Around 50,000 tonnes of mangoes got knocked off trees in Rajshahi and Chapainawabganj by the season's first nor'wester Sunday night, growers and experts said.
According to them, the lost mangoes are 10 percent of the estimated 5 lakh tonne mango output from the two famous mango-producing districts this year.
However, the damage would not affect this season's expected mango production too much. Growers might earn some money selling the green mangoes since those have demand, they said.
“The trees cannot keep all the mangoes they bear. Some fall naturally,” said Sorof Uddin, senior scientific officer of Regional Horticulture Research Centre in Chapainawabganj.
Alim Uddin, chief scientific officer of Rajshahi Fruit Research Centre, said mangoes were considered storm tolerant.
However, further storms could affect the mango production, said Deb Dulal Dhali, deputy director of the Department of Agricultural Extension in Rajshahi.
The wind speed during Sunday's nor'wester reached about 95kmph and swept over the two districts, according to Rajshahi Met office. Many mango trees toppled.
Visiting several areas in Rajshahi city and Puthia upazila on Monday, The Daily Star correspondent saw growers cleaning mango orchards, collecting mangoes in sacks and taking those to Baneshwar Bazar, one of the region's largest mango markets.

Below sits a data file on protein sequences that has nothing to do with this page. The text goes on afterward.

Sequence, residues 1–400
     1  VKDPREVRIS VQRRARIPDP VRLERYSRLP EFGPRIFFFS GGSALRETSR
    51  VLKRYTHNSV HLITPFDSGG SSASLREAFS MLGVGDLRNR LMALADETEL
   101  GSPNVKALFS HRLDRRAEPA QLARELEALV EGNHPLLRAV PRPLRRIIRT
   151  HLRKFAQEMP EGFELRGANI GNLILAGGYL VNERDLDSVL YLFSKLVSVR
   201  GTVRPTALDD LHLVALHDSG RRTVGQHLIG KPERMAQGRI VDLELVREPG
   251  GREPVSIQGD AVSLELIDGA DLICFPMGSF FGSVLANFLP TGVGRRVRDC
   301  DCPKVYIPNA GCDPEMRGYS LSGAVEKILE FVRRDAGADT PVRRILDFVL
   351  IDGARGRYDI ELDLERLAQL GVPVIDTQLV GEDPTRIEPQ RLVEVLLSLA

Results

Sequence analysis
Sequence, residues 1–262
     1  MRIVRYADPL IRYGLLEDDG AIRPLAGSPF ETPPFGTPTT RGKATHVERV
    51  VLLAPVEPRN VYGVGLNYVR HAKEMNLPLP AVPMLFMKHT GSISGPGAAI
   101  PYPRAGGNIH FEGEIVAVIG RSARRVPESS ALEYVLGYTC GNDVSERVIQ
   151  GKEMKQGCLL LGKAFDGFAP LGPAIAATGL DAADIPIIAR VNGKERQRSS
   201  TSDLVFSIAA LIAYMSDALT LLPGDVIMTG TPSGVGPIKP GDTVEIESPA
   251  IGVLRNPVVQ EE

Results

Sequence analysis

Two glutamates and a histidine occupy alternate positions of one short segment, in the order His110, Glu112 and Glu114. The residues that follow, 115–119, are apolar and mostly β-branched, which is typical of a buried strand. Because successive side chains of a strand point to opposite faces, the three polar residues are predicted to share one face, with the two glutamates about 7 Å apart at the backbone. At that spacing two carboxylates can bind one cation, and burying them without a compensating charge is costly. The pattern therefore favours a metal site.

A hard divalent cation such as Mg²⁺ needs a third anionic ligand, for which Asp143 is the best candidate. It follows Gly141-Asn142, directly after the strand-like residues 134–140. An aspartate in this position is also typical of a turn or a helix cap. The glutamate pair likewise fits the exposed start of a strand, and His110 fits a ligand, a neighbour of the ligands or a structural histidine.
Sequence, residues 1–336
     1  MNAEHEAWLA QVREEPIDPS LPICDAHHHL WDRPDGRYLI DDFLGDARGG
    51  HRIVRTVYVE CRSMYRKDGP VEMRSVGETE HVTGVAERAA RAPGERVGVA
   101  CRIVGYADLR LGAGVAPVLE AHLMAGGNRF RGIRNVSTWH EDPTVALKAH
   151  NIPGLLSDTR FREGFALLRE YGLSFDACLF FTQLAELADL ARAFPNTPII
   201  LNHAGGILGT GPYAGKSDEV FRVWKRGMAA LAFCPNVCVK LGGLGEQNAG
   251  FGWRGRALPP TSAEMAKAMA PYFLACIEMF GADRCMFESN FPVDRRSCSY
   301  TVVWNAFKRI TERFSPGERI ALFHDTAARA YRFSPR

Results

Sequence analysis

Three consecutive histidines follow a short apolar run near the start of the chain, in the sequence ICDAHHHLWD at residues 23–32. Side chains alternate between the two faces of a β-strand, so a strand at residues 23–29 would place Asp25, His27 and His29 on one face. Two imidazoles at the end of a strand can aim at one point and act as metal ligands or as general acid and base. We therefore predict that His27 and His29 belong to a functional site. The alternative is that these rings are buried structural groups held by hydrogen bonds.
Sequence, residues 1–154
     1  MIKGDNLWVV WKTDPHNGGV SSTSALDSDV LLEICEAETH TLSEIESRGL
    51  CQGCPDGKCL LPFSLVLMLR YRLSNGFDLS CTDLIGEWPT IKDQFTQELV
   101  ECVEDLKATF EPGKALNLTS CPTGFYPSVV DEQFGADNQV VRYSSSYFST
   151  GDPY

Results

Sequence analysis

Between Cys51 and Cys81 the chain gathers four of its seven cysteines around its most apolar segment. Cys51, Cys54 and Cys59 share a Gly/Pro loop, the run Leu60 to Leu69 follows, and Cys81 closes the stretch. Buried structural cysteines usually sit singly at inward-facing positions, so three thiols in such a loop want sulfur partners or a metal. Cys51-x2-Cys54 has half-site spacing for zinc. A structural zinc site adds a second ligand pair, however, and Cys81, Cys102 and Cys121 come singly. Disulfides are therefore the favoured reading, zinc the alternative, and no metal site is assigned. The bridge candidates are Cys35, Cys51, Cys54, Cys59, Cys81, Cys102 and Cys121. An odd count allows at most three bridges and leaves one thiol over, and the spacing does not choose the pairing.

Green mangoes flooded the market when this correspondent went there. Usually, the market is abuzz with growers and traders towards the end of May, when mangoes ripe.
Even on Sunday, a maund of green mangoes was sold for Tk 250, but the price dropped to Tk 40 per maund following the storm, traders said, adding that they were sending those to Dhaka, Chittagong, Sylhet, Khulna and Jessore.
Forhad Hossain of Puthia's Bhoruapara said he took lease of two mango orchards this year. Around 75 percent of mangoes of one of his orchards were damaged in the storm, he said. “It will be difficult for me to make a profit this year.”
Waliullah, a mango grower of Baneshwar, said, “It hurts when I see mangoes on the ground.”
He took eight mango orchards on lease. Around 80 percent mangoes of two of his orchards were lost in the storm while the other orchards suffered 20 percent damage.